Jon Stallworthy, for whom Carver was the paragon of publishers' editors, recalls that she was dissatisfied with the brevity of his initial treatment of Wilfred Owen's first, pre-war, visit to France, brushed aside his protest that almost nothing was known about it, and insisted that something substantial must be said about so symbolic an episode.
Though so well-known by reputation in literary and publishing circles on both sides of the Atlantic, she was an intensely private person who spoke rarely of her past and tended to keep her friends in separate compartments. Her British friends knew almost nothing of her early life, but her birth certificate reveals that she was born Catherine DeFrance Carver in Cambridge, Ohio, in 1921 to Don Carver, "paymaster", and his wife Harriett. In 1943 she obtained a BA degree at Muskingum College in nearby New Concord, one of her classmates being John Glenn, later famous as an astronaut and US Senator. Just how she made her way to New York and its literary world remains mysterious, but she seems to have had that first job with Reynal & Hitchcock by 1945 and by the early 1950s she was working for Robert Giroux at Harcourt, Brace. She also became Assistant Editor of the Partisan Review, and I happened to meet her in New York in 1957, shortly after a naive submission of mine to Partisan had magically been rendered publishable by her revising hand.
I did not encounter her again until the mid-1970s when OUP assigned her to edit the early volumes of the Hardy Collected Letters, but the acquaintance then deepened rapidly into a friendship that - like her friendships with so many of those she had worked with - remained intact until the last of several strokes left her incapable of recognising any of the stream of visitors to her hospital bed.
Carver made a life-style of self-effacement. She always asked not to be thanked for the work she had done - an injunction that some understandably ignored - and in 1982 she declined the PEN/Roger Klein award for which her American friends had conspired to nominate her. To Leslie Fiedler, who had been particularly active on her behalf, she wrote gratefully but firmly: "I hate the exposure, and fear it, oddly, after my long sojourn underground." One recognises the emotion and its contexts without quite understanding its source. "I never worry," she once wrote, "about making what living I need, which is minimal," and indeed she regularly led what most would consider a meagre existence, living alone in under-furnished flats and eating adequately (one feared) only when being entertained by friends. But she led a rich life of the mind and the spirit - it was the art, theatre, and above all the music available to her in London that primarily determined her refusal to move to Oxford - and although her transatlantic migration of the 1960s seems primarily to have reflected a profound political revulsion at the Vietnam War it may also have been influenced by a romantic valuation of a Europe she had (I think) never visited.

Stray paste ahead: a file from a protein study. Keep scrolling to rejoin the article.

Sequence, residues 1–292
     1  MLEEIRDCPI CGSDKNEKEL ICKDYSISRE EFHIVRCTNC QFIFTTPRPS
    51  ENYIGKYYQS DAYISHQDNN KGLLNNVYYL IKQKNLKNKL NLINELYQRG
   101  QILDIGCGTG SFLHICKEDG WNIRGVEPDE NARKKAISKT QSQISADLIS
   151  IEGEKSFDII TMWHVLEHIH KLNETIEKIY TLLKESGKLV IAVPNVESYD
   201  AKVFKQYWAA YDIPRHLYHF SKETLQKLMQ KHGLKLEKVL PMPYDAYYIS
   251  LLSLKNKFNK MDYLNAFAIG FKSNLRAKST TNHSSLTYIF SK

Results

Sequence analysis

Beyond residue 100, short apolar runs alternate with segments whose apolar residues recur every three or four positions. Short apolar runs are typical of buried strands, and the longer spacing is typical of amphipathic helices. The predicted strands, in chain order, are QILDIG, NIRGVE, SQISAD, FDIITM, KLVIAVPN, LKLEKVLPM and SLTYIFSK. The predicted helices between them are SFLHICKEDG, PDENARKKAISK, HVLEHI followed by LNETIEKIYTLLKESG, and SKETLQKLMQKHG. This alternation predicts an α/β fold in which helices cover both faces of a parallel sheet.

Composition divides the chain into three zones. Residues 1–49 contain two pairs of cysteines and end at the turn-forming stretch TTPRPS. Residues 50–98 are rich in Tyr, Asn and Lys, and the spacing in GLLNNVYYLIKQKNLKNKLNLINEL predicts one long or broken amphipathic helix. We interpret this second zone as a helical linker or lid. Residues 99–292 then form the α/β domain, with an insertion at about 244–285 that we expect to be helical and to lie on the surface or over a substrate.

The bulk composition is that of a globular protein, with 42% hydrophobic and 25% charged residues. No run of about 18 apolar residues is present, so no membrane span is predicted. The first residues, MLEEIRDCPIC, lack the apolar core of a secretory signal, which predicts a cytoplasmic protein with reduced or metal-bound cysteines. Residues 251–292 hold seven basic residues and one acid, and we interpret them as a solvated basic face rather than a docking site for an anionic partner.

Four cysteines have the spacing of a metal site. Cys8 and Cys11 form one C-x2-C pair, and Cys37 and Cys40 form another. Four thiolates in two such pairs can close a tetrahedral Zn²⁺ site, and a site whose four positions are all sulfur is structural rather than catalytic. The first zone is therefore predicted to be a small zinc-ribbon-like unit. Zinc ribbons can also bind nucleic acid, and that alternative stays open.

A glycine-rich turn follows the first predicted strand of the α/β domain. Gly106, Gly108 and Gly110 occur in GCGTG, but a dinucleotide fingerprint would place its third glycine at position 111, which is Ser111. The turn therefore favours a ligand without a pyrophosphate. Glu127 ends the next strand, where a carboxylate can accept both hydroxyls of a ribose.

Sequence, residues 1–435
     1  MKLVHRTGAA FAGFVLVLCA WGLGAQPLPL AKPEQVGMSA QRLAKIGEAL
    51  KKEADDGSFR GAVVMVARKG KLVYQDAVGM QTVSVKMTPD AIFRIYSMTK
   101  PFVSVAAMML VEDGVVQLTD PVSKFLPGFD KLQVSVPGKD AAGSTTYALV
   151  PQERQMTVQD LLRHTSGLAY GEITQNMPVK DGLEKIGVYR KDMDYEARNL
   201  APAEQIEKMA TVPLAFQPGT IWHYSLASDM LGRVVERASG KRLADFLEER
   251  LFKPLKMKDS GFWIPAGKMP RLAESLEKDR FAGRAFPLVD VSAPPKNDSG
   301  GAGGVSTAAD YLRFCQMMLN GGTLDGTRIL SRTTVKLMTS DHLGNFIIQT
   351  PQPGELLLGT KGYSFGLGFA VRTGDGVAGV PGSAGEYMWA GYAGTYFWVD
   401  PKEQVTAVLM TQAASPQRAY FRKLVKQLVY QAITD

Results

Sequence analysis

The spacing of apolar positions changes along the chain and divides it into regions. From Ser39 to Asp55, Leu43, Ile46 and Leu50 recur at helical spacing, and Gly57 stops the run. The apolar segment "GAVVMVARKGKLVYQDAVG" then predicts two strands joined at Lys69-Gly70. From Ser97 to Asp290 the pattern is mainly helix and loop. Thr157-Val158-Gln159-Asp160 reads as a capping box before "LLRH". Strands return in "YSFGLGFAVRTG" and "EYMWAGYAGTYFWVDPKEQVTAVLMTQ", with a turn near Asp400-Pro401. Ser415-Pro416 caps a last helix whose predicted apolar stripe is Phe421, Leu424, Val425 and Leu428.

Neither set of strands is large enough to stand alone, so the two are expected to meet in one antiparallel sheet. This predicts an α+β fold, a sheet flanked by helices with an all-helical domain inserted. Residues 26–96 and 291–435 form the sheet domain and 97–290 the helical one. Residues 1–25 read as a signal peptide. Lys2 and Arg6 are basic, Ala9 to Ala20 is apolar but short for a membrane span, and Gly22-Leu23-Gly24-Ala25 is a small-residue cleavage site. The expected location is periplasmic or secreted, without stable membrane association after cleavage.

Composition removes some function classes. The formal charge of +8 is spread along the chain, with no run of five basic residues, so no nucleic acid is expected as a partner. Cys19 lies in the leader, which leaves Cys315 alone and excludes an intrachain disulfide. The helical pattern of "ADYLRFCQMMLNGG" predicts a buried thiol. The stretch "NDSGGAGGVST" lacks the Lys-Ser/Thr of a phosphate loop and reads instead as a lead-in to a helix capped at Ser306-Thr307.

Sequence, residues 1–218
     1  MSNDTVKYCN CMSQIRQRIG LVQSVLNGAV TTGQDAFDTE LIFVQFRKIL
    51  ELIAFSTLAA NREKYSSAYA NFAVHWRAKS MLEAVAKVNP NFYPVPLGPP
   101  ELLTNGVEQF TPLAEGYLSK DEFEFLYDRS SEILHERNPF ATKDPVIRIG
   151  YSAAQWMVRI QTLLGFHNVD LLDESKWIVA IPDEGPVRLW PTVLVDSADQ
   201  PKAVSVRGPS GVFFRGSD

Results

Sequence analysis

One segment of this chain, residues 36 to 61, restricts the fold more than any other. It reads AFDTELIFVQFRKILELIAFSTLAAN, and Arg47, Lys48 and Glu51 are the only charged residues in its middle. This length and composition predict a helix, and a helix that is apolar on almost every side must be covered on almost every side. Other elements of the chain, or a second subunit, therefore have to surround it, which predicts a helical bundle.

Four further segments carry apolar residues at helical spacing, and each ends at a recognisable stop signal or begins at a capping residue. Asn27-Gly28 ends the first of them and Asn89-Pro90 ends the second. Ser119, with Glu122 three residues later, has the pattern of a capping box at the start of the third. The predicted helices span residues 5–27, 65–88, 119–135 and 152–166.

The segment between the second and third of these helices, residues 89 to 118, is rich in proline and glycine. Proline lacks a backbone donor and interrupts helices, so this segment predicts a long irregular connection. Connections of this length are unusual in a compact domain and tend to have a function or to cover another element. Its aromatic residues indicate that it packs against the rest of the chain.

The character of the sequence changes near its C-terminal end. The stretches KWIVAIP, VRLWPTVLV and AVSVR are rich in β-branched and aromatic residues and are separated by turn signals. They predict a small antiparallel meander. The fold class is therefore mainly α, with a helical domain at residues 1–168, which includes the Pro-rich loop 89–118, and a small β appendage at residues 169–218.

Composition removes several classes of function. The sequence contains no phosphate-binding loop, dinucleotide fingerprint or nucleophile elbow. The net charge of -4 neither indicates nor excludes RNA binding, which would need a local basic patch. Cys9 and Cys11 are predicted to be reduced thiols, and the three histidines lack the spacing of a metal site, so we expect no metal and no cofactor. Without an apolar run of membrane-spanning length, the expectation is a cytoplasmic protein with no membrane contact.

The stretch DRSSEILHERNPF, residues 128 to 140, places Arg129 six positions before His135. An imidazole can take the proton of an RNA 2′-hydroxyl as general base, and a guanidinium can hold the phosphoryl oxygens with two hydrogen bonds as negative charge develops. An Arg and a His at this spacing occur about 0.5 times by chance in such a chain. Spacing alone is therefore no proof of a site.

France and Italy always retained their appeal for her, and in 1983 she gave up the Edith Grove flat in which she had been settled for some years, sold her books (many of them inscribed first editions), gave away her few household goods, and set off for the Continent and what became an unsettled existence of "visits, sub-lets, the condition of displacement". In 1985, while working on the revision of Edel's James, she reported from Amsterdam that during the past year she had briefly house-sat or lived in borrowed accommodation in no less than six countries. The need to earn at least a minimal income brought her back to England again and again, and her lack of a permanent address meant, as she often said, that she could most readily be found at work at seat G.10 in the Round Reading Room of the British Library, her "Great Good Place".
- Michael MillgateReuse content